Natural Hazards

, Volume 75, Issue 2, pp 1531–1554 | Cite as

Insights on social learning and collaborative action plan development for disaster risk reduction: practicing Yonmenkaigi System Method (YSM) in flood-prone Mumbai

  • Subhajyoti Samaddar
  • Junho Choi
  • Bijay Anand Misra
  • Hirokazu Tatano
Original Paper


Recent decades have seen an increasing recognition and consensus among researchers and planners in disaster management in the need to foster social learning through public participation, to promote deliberative interaction among stakeholders in order to work together build a relationship to attain a collective action. However, the current participatory methods in disaster management are limited to awareness building, when actual plan preparation is the prime concept yet to be looked at. Additionally, in most of the cases, the local government authorities initiate their disaster management program to community by inviting them to voice their opinions and concerns. The major impediments of such participatory programs are the community’s over-dependence on donors and governments (stakeholders) thus will consequently fail to give the community the sense of ownership of the problem. The challenge therefore is, putting the community in the driver’s seat instead of only inviting them for consultation on an existing plan about a predetermined issue. In this paper, a participatory workshop method called Yonmenkaigi System Method (YSM) has been employed as a method to integrate the community’s concerns and perspectives in the disaster management processes and to develop a collaborative action plan. The method was tested in a flood-prone slum community in Mumbai, India. In the first phase of the workshop, a SWOT analysis was executed to provide an opportunity for the participants to acknowledge each other’s prior concerns, perspectives, and views. In the succeeding phases, the method then provided a platform to carry out this awareness in order to create visions through the identification of critical elements of the plan called Yonmenkaigi Chart. Finally, the  sharing and debating of each other’s visions and perspectives to prepare an executable plan for improved disaster preparedness. This entire process helps the participant develop an action plan based on their prior abilities, strengths and capacities instead of depending heavily on supports from external sources.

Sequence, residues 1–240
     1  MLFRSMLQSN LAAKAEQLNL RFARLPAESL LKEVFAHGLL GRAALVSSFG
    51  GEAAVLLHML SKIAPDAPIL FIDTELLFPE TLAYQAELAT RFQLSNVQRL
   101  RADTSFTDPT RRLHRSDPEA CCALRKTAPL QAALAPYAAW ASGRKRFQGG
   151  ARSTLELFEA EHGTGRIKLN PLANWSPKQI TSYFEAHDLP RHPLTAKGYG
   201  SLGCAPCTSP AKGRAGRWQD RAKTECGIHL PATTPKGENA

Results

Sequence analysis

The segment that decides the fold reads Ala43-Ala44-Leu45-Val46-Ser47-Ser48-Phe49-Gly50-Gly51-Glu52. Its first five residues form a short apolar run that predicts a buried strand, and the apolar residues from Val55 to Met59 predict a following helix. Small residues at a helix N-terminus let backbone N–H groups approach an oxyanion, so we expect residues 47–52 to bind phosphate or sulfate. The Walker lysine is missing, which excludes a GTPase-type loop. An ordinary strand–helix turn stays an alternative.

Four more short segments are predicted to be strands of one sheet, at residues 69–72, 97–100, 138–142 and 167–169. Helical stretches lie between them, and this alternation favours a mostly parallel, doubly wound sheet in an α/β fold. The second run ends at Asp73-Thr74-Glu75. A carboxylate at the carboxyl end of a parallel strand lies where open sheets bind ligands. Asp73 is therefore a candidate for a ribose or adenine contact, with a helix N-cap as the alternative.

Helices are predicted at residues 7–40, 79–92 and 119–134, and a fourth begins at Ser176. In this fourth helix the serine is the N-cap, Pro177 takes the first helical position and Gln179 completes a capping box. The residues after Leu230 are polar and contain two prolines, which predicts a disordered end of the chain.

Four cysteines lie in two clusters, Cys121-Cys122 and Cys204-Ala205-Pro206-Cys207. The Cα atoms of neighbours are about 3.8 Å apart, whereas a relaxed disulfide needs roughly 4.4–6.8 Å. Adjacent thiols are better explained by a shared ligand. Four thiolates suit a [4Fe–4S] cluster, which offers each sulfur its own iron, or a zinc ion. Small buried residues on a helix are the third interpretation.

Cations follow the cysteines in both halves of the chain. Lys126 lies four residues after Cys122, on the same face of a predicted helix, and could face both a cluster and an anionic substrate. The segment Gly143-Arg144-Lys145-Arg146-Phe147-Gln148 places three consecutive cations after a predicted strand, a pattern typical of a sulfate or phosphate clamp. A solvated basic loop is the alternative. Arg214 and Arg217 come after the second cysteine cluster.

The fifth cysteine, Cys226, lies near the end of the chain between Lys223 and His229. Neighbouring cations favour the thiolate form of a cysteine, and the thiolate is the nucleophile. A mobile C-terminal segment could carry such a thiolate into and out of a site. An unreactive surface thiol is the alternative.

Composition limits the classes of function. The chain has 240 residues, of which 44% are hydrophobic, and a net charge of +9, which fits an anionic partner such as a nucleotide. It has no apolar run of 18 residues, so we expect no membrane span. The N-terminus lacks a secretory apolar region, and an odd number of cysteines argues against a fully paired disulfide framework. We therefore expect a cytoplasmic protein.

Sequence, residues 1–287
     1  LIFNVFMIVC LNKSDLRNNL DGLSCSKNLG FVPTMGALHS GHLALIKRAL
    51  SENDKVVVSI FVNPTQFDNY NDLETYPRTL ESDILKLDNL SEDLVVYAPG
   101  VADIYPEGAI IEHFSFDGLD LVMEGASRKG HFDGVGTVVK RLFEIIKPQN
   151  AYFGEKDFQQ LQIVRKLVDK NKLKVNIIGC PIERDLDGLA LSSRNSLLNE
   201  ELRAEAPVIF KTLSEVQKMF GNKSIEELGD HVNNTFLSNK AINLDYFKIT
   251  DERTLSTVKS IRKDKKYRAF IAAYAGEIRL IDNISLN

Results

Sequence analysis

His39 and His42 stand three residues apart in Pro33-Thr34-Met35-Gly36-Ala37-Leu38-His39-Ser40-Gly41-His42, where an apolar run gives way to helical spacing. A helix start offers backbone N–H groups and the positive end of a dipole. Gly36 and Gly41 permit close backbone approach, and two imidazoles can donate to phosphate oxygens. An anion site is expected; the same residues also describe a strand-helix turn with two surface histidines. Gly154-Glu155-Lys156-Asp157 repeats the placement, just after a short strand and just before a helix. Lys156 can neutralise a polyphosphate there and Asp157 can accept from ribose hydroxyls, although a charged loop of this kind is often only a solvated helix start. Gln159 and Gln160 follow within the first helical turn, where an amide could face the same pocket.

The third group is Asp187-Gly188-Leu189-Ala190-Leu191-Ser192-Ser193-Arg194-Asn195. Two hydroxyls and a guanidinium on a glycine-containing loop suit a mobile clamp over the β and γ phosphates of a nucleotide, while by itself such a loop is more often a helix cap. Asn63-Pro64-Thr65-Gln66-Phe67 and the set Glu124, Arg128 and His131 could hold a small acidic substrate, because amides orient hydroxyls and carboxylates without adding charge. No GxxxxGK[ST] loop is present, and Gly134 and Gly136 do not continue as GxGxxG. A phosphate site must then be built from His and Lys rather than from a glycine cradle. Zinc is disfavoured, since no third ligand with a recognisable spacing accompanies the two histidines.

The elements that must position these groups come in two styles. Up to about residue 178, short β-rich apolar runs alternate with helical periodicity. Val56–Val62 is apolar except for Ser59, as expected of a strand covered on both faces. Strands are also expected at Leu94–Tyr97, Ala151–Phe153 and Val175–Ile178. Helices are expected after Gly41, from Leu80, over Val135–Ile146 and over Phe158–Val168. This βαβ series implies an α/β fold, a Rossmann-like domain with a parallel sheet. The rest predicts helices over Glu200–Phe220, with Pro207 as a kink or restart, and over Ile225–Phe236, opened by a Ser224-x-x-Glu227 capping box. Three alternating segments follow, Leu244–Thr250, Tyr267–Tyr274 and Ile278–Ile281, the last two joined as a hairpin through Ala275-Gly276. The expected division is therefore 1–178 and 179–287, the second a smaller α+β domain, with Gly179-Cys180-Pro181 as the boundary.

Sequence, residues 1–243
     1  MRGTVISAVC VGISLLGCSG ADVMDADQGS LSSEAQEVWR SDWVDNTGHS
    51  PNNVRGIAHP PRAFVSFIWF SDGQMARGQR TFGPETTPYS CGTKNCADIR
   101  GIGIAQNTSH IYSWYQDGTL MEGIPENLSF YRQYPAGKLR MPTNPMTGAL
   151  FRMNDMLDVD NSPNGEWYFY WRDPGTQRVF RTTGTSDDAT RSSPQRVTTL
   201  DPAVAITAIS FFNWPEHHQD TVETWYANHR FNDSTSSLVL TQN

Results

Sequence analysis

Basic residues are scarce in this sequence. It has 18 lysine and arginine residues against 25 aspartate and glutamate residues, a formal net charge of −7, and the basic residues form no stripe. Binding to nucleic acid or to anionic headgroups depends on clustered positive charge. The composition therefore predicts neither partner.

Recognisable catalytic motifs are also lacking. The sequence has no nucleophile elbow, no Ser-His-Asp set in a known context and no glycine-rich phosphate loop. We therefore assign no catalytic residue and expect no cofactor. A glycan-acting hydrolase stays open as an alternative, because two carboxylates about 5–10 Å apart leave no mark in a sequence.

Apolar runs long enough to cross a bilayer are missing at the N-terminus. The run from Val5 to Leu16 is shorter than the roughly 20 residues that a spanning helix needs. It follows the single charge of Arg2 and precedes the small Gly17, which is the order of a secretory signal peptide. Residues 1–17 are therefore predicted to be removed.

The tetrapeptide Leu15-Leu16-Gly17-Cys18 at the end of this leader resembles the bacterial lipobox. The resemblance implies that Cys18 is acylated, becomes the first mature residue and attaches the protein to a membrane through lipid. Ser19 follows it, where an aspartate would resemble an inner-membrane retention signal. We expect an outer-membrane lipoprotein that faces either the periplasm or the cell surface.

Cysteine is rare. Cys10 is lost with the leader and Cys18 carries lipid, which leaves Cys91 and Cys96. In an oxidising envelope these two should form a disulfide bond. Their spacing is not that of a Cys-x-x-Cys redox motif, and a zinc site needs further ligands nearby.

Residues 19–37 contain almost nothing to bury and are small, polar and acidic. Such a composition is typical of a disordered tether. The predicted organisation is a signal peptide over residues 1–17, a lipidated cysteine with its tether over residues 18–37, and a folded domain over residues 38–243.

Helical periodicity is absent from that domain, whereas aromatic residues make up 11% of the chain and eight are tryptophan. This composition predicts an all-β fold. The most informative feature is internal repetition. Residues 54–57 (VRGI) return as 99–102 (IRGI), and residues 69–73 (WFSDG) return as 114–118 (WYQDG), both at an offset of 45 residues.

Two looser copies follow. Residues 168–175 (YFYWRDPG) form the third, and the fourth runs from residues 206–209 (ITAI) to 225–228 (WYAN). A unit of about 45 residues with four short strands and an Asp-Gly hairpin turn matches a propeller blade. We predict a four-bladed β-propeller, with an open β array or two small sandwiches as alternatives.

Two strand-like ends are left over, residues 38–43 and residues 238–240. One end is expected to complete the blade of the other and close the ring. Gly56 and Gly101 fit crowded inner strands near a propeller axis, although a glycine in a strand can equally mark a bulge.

Social learning Participatory approach Flood risks Mumbai India 



The authors would like to thank the anonymous reviewers for their valuable comments and suggestions to improve the quality of the paper.


  1. Arnstein SR (1969) A ladder of citizen participation. J Am Inst Plan 35(4):216–224CrossRefGoogle Scholar
  2. Baan PJ, Klijn F (2004) Flood risk perception and implications for flood risk management in the Netherlands. Int J River Basin Manage 2(2):113–122CrossRefGoogle Scholar
  3. Bajek R, Matsuda Y, Okada N (2008) Japan’s Jishu bosai soshiki community activities: analysis of its role in participatory community disaster management. Nat Hazards 44(2):281–292CrossRefGoogle Scholar
  4. Bandura A (1977) Social learning theory. Prentice Hall, Englewood Cliffs, NJGoogle Scholar
  5. Bhagat RB, Guha M, Chattopadhyay A (2006) Mumbai after 26/7 deluge: issues and concerns in urban planning. Popul Environ 27:337–349CrossRefGoogle Scholar
  6. Bohra AK, Basu S, Rajagopal EN, Iyengar GR, Das-Gupta M, Ashrit R, Athiyaman B (2006) Heavy rainfall episode over Mumbai on 26 July 2005: assessment of NWP guidance. Curr Sci 90:1188–1194Google Scholar
  7. Buckland J, Rahman M (1999) Community-based Disaster Management During the 1997 Red River Flood in Canada. Disasters. doi: 10.1111/1467-7717.00112 Google Scholar
  8. Census of India (2001) Office of the registrar general (ed) Government of IndiaGoogle Scholar
  9. Chatterjee M (2011) Flood loss redistribution in a third world megacity: the case of Mumbai. In: Brauch HG, Oswald SÚ, Mesjasz C, Grin J, Kameri Mbote P, Chourou B, Dunay P, Birkmann J (eds) Coping with global environmental change, disasters and security: threats, challenges, vulnerabilities and risks, series: Hexagon Series on Human and Environmental Security and Peace, vol 5Google Scholar